TREASURE COAST ― In 1715, a fleet of ships loaded with treasure was returning to Spain from Havana, Cuba when it encountered a hurricane near Vero Beach. Eleven of the fleet’s 12 ships were lost, scattering treasure and giving the Treasure Coast its name.

True to that name, the waters of the Treasure Coast have, over time, revealed bits and pieces of the treasure. One significant find was a gold bird found in 2010. The bird was missing one wing.

On June 28, that missing wing was found, a discovery that crew member Tracy Newman called “the thrill of a lifetime.”

“The M/V Perfect Day and crew were off Douglass Beach on South Hutchinson Island, not very far from where the bird was found in 2010, when the wing was discovered,” Ms. Newman told Hometown News. “We dive down and search the sea bottom with metal detectors and listen for pings. In this case we were in heavy crushed shell when Captain Henry Jones heard the ping and proceeded to lift the wing from the shells.”

Despite the wing being small in size, the crew immediately knew what they had found.

“If you’re legitimately hunting treasure, you know what the bird looks like, you’ve read the story, you’ve seen the pictures, maybe even held it,” Ms. Newman said. “When Captain Jones lifted it out of the shells, there was no question as to what it was.”

The crew, subcontractors to 1715 Fleet-Queens Jewels, LLC, which owns the salvage rights to the wrecks, was in a spot that had been searched before.

“We study maps and look where others have been and what was found. We also look for places no one has been and, in this case, went to a spot where many have been. But the sea bottom is constantly changing, and on that day, she revealed her treasure.”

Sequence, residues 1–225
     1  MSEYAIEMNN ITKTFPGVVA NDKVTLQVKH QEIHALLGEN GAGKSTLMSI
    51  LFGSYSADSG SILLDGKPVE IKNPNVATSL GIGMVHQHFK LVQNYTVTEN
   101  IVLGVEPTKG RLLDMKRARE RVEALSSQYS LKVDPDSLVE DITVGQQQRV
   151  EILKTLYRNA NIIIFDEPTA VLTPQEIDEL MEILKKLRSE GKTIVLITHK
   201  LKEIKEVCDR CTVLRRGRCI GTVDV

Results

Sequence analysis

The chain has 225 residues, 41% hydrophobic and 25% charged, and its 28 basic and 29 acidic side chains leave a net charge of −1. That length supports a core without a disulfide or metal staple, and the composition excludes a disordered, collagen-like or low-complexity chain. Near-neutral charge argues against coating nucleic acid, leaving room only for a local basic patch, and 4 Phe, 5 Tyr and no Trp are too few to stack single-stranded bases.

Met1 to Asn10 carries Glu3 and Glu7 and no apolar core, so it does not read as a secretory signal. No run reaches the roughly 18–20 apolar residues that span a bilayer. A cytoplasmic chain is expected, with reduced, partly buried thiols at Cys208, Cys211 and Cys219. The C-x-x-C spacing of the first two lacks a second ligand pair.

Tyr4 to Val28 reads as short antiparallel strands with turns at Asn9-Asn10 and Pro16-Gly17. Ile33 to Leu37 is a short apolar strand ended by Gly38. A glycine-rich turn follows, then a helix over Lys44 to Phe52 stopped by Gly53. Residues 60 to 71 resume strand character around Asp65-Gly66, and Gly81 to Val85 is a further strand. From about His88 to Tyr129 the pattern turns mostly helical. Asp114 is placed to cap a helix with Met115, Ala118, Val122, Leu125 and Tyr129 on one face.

According to Ms. Newman, 1715 Fleet-Queens Jewels, LLC has all artifacts appraised. She said there is no way at this point to estimate the wing’s value. The original gold bird was sold to a private collector for $150,000.

The crew had previously discovered coins, china, pottery, and rings, but the wing was what Ms. Newman called their “most significant find.”

1715 Fleet-Queens Jewels, LLC conducts explorations and recoveries through its subcontractors, under the jurisdiction of the U.S. District Admiralty Court, and agreements with the State of Florida Division of Historical Resources. The federal and state rights to these wreck sites were established in the early 1980s.

“Once all recoveries from each field season are turned in to 1715 Fleet-Queens Jewels, LLC they are conserved, preserved and all archaeological data is recorded along with photographs,” Ms. Newman said. “Then the onsite recovery data is plotted on very detailed base maps for each of the wreck sites. Every dive, search, and everything we find is meticulously recorded, reported, tagged, and turned in according to our contract with them.”

Captain Henry Jones has been treasure hunting for 13 years. Captain Phillip Ratcliff has been treasure hunting for 26 years. Crew members Oliver Ackland-Snow, Brian Fisher, Melissa Gruwell and Tracy Newman have experience ranging from three to 12 years.

Found artifacts are given to the state at the conclusion of each season. Some are returned to the finders, depending on the terms of their contracts. Some make money, but that doesn’t seem to be their primary motivation.

“Money can be made,” Ms. Newman said, but “a lot of money is also spent on boats, equipment, gas, maintenance. It is a lot of hard work, but we have fun doing it. When you find something significant, like the bird’s wing, it’s the thrill of a lifetime!”

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